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How to Use De-Rustle in iZotope RX 6

RX 6 | De-rustle Tutorial
RX 6 | De-rustle Tutorial
In this video, I’m going to cover how to use the brand new De-Rustle module in RX 6 in a post-production context, using a sample that features dialogue.

Once you’ve downloaded the test file called, “Post Production_De-Rustle” for this tutorial from the RX web page, and opened it in RX 6 by clicking and dragging it into the RX application window, or by opening RX and pressing Command+O or Control+O on a PC to locate and open the sample.

Your RX window should look like mine, with the file “Post Production_De-Rustle” in a tab on the top-left hand side of the screen.

De-Rustle reduces the noise, or rustle, generated by a lavalier microphone rubbing or brushing against a person’s clothing during recording. Lav rustle can vary unpredictably over time, and exhibit a wide variety of sonic characteristics from high frequency brushing to low frequency thuds.

Let’s have a listen to this sample which has very noticeable rustle noises coming from a lavalier microphone that’s come into contact with a person’s clothes.

I’ll press return to bring the playback head to the beginning of the sample, and space bar to play the sample.

[voice sample]

Let’s use the new De-Rustle module to reduce the presence of those distracting rustle noises.

I’ll find that on the right, click it, and you’ll notice a few parameters. The first is reduction strength. If I move this slider to a higher value, like eight or nine, the processing more strictly defines what it classifies as dialogue, which can result in more rustle reduction at the cost of reducing speech clarity.


For smaller values, the processing more broadly defines what it classifies as dialogue, which potentially allows more rustle, but reduces the possibility of speech clarity loss as a result of the processing.

I’m going to push this all the way to 10, because this sample features a lot of rustle noises. I should add that de-rustle will still process, even when the reduction strength is set to zero.

The next parameter is ambience preservation. Sometimes, the speech separation algorithm will remove background ambience in addition to rustle, which may be undesirable. To remove the rustle but retain the noise floor or background ambience, the noise floor amount slider should be set to a non-zero value.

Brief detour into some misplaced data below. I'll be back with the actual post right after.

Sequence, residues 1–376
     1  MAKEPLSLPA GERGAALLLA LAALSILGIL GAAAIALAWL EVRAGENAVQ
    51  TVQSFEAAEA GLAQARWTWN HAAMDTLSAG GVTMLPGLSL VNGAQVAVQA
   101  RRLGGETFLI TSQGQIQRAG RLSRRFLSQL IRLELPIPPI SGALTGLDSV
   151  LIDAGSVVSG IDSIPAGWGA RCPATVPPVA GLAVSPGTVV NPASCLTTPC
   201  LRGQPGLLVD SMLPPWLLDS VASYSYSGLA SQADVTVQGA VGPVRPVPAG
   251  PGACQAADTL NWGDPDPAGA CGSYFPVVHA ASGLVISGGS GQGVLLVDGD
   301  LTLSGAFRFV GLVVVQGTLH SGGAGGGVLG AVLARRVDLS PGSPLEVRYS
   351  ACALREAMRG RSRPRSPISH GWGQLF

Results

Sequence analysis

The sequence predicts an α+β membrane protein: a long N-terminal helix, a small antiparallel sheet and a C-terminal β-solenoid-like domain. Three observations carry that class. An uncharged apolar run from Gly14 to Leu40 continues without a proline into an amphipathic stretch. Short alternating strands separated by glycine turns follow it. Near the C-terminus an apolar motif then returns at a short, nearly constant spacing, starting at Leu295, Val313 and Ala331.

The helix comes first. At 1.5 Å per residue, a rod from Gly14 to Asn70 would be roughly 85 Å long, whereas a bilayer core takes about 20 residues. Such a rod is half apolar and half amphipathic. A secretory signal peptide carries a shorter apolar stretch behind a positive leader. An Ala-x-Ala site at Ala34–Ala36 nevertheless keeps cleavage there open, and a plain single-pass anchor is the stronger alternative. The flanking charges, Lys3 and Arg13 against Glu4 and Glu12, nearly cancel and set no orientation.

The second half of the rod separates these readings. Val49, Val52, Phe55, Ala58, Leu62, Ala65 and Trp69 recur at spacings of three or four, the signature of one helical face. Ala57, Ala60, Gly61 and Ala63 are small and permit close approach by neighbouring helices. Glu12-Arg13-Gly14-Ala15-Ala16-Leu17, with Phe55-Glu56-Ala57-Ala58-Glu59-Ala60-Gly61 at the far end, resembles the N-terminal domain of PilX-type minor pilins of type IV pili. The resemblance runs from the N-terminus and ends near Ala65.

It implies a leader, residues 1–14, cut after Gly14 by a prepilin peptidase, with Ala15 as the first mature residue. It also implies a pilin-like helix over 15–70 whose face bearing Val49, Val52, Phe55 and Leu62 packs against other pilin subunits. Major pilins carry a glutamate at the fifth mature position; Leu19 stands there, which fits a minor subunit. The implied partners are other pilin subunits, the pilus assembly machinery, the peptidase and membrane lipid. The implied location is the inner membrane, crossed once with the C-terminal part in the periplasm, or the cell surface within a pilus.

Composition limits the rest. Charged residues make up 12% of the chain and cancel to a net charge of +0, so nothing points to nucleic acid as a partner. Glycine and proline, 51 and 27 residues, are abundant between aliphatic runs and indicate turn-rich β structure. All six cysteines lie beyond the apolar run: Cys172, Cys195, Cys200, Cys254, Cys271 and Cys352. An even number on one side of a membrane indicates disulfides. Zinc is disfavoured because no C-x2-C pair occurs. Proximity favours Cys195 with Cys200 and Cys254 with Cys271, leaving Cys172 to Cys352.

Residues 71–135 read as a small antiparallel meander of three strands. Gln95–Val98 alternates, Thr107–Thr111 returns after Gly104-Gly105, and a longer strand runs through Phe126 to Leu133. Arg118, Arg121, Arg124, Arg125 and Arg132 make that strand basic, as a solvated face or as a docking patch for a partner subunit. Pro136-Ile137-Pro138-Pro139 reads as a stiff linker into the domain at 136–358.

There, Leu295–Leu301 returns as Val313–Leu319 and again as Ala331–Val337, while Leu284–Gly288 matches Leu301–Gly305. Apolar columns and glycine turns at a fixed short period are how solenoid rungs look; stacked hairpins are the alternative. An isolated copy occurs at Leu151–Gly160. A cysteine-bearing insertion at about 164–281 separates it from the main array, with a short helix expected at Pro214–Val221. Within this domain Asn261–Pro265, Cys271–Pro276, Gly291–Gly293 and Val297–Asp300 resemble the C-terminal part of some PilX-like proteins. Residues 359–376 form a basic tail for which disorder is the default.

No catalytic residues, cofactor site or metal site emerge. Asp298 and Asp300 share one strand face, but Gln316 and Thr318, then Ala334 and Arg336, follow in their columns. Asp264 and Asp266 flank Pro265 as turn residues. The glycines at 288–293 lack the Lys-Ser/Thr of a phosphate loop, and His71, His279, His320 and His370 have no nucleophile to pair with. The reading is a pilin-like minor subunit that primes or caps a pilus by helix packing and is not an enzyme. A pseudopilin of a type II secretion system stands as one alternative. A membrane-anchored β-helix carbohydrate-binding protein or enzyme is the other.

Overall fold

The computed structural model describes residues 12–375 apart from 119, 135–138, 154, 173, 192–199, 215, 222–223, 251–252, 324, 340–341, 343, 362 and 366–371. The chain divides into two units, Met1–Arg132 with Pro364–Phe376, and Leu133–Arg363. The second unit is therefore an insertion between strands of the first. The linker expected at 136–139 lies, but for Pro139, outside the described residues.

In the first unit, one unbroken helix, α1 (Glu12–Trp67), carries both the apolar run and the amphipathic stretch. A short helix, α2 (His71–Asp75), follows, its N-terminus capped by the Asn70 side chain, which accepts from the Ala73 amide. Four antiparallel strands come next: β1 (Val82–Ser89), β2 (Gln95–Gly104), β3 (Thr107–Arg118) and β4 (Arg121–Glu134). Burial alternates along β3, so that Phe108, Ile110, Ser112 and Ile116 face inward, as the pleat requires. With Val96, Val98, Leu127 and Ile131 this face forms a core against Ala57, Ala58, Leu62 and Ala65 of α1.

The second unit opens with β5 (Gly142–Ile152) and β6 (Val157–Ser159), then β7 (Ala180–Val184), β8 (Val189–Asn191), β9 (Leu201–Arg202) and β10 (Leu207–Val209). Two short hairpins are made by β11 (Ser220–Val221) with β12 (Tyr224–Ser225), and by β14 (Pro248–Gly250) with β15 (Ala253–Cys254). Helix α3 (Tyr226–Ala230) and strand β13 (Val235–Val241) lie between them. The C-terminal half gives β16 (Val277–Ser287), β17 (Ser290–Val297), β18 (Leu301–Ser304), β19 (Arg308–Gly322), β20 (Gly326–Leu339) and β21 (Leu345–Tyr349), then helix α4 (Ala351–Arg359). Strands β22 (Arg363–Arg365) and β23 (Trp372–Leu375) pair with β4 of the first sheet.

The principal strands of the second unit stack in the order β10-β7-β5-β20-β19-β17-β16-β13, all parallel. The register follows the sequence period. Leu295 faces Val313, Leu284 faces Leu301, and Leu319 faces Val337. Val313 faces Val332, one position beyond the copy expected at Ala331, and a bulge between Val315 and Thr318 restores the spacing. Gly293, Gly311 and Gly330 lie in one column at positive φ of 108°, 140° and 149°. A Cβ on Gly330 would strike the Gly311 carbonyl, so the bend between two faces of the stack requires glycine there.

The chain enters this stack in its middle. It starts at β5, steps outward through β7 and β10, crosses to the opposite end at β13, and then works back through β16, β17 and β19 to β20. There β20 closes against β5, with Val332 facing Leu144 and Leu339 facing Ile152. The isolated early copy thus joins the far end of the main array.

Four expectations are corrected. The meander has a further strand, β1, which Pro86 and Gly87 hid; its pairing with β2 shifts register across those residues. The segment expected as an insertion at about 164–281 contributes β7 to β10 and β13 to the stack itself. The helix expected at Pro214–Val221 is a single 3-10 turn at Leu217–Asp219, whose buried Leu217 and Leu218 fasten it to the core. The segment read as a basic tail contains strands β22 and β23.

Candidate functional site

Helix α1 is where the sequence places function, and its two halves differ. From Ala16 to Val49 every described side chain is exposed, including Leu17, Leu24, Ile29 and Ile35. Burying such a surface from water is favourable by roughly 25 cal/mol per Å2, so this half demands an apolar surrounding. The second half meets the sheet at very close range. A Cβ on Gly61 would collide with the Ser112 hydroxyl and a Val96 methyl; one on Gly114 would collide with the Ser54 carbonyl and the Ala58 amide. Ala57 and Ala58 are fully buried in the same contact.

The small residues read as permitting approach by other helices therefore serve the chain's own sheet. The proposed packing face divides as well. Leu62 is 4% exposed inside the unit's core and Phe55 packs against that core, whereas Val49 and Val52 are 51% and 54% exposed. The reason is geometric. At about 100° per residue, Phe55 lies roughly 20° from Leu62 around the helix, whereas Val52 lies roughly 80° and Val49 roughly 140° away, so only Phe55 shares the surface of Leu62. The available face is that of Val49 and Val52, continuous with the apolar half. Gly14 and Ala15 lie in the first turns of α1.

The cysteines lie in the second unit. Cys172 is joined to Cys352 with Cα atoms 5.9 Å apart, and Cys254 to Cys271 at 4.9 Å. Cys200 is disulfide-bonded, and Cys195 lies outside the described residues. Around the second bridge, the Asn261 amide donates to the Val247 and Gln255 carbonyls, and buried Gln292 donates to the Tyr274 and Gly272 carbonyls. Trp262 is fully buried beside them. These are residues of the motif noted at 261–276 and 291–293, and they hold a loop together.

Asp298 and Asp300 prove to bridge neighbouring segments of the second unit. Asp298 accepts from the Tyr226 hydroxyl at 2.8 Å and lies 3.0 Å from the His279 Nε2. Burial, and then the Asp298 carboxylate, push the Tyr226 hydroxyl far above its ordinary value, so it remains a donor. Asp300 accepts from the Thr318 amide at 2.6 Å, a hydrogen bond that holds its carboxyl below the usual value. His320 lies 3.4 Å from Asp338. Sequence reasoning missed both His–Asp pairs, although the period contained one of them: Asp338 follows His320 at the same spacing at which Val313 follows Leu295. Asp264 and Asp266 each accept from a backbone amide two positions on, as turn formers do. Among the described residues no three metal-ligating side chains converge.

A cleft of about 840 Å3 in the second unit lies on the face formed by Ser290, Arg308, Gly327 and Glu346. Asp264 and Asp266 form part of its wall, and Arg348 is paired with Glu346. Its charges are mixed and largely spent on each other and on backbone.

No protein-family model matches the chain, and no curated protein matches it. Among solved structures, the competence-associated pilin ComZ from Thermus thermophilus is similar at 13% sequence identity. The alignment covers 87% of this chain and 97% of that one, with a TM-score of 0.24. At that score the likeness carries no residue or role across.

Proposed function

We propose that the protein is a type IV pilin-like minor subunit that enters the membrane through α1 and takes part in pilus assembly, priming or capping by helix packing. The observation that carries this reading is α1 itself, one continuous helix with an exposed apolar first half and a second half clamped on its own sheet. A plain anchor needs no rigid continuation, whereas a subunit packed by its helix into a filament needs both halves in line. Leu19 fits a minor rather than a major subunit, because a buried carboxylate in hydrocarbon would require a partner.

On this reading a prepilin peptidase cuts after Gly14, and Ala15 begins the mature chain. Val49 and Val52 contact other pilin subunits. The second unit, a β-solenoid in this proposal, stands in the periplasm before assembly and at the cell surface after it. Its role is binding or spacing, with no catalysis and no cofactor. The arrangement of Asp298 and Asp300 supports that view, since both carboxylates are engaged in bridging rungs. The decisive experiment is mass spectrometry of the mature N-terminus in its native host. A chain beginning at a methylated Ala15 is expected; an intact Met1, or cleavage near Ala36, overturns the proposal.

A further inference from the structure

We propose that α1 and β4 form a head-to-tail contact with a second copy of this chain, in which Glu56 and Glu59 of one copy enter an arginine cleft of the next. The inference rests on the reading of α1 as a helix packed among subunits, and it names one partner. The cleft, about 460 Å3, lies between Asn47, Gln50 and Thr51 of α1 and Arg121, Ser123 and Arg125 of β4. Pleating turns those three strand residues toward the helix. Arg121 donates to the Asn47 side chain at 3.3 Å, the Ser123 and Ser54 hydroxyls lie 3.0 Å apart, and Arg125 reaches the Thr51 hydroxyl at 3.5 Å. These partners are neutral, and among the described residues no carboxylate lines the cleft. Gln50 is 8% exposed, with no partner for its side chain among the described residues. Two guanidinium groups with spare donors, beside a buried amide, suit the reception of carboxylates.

Higher values will retain more of the noise floor.

In the case of this example, I’m not hearing much of a noise floor to preserve. It’s a very cleanly recorded example. However, there are some pretty aggressive rustle noises, so I’m just going to slide this all the way down to zero, and once I’m happy with my parameters, I’ll press process.

Let’s have a listen back. So here’s after we used De-Rustle.

[voice sample, after processing]

You might have noticed that some rustle noises continue to poke through, distracting us from the dialogue. What I’ll do is run another pass at my settings to double down on the amount of de-rustling taking press. Running multiple passes of any module in RX 6 is standard practice if you’re dealing with especially noisy samples, and in this case, we’ve got one with a lot of rustle on it.

So let’s do another pass. I’ll hit process again. Let’s have another listen back.

So here is after we ran another pass of de-rustle.

[voice sample, after double processing]

And for reference, here’s before we did any processing with the De-Rustle module.

[voice sample, before processing]

And once more, here’s after we did two passes of De-Rustle.

[voice sample, after double processing]

The results are pretty dramatic.

For more information, and to download your own samples to use with RX 6, head to



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